Most transit systems offer monthly rates for commuter that probably amount to less than you spent on gas for your car. If you don’t like the idea of walking to bus stops or subway stations, find a low-end bicycle and ride to meet the transit system.

A year of taking transit not only should improve your financial situation, it should provide enough exercise to improve your health situation.

If none of that is appealing, it might be time to consider the next option.

Repossession or voluntary surrender

If you can’t make your car payments, these are the last resorts. Voluntary surrender means what the name implies – you simply turn in the keys and walk away.

Repossession means a person hired by the lender unlocks your car and drives it away. It’s a more dramatic ending than voluntarily surrendering the vehicle, but either option will be a black mark on your credit report.

If you’re determined not to let some stranger haul your car off in the dark of night, park it in a garage and close the door. Most states have laws that don’t allow cars to be repossessed if they’re parked in a private garage. Some states even prevent it if you are on site and protest.

But that is temporary relief. Even if you choose to play hardball, the lender is legally entitled to reclaim their property and eventually they’ll get it.

So how do you avoid such an unhappy ending? Here’s a final option well worth considering.

Get a Budget, Stick to It and Make Your Car Affordable

There are a lot of areas people could cut back on if they need an extra $50 or $100 a month to afford their car payment, but to identify them, you need a budget.

If that were easy, the millions of Americans in auto-loan jams wouldn’t be honking for help. The 6.3 million car owners more than 90 days late on payments is double the delinquencies since 2011 and 400,000 more than just a year ago, according to a November 2017 report from the New York Federal Reserve.

“Since 2011, the overall delinquency rate of loans originated by auto finance companies has significantly deteriorated,” the report said.

Many of the people who can’t pay their car loans have bad credit scores – though they may have bad credit scores because they can’t pay their car loan.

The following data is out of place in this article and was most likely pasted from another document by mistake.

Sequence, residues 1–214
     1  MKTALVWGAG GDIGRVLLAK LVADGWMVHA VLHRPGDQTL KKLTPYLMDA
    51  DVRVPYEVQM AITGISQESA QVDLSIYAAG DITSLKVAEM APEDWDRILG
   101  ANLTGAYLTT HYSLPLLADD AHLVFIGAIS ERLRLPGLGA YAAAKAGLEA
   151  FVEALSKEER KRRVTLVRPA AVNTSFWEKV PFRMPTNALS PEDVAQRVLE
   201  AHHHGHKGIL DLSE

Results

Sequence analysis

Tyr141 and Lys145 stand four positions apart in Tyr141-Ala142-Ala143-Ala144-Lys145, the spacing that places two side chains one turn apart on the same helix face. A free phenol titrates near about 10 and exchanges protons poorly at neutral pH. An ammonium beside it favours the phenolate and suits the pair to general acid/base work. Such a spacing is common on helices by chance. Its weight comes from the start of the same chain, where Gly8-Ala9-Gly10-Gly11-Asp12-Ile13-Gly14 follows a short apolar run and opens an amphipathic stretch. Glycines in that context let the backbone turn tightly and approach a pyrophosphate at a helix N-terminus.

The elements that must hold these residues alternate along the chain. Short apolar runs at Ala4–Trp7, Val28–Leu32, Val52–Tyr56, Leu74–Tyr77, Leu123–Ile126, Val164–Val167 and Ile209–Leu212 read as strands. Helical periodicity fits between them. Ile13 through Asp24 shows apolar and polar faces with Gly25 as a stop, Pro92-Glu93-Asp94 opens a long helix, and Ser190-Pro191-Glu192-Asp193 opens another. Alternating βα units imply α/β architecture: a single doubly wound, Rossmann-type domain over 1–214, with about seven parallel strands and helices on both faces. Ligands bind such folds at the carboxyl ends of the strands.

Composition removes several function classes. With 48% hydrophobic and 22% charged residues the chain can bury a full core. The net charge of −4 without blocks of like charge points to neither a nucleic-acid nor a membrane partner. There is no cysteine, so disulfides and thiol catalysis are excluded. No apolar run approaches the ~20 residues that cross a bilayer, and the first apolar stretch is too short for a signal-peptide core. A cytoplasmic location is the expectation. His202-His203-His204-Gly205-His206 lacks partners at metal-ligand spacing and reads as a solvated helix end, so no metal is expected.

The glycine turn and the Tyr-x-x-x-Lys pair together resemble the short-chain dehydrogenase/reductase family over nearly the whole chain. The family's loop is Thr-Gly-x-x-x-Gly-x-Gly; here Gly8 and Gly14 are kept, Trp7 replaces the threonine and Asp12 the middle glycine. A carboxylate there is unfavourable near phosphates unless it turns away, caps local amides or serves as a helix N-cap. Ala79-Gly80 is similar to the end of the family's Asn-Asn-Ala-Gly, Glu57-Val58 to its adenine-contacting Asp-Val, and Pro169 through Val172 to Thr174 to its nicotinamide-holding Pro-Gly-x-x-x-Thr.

It’s a chicken-or-egg thing, but whichever comes first the end result is bad news. A defaulted loan can drop your credit score up to 100 points, according to Autos.com.

Lower credit scores mean you’ll pay higher interest rates on car loans and everything else you borrow. Millions of Americans have found relief through debt consolidation.

A nonprofit credit counseling company combines your monthly bills into a single, affordable monthly payment and works with lenders to lower interest rates. That one payment should be lower than the combined total of all those previous bills.

A certified counselor then works with clients to construct a budget that will get them out of debt. Or in this case, get them out of a jam.

The only thing worse than being stuck in a traffic jam is to be stuck in one while sitting in a car you can’t afford.

You May Also be Interested In:

I Can’t Pay My Car Insurance

The Truth about Used Car Prices


(Haughwout, A., Donghoon, L., Scally, J., van der Klaauw, W.) (November 2017). Just Released: Auto Lending Keeps Pace as Delinquencies Mount in Auto Finance Sector. Retrieved fromhttp://libertystreeteconomics.newyorkfed.org/2017/11/just-released-auto-lending-keeps-pace-as-delinquencies-mount-in-auto-finance-sector.html

(Long, H.)(November 2017). 6.3 Americans are 90 days late on their auto loan payments. Retrieved from http://www.latimes.com/business/la-fi-hy-auto-loans-20171116-story.html

(Delbridge, E.)(January 2018). What is a Peer to Peer Auto Loan? Retrieved fromhttps://www.thebalance.com/what-is-a-peer-to-peer-auto-loan-527003